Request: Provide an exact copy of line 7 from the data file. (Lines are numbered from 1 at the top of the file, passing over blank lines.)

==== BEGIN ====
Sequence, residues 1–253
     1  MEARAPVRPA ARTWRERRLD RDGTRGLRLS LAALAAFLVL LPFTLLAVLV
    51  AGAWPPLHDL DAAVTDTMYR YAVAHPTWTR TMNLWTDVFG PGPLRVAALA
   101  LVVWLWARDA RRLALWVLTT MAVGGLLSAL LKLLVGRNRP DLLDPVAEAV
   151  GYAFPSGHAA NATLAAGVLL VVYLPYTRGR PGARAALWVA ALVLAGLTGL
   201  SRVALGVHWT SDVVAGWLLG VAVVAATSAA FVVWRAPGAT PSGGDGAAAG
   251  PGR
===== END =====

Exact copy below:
   251  PGR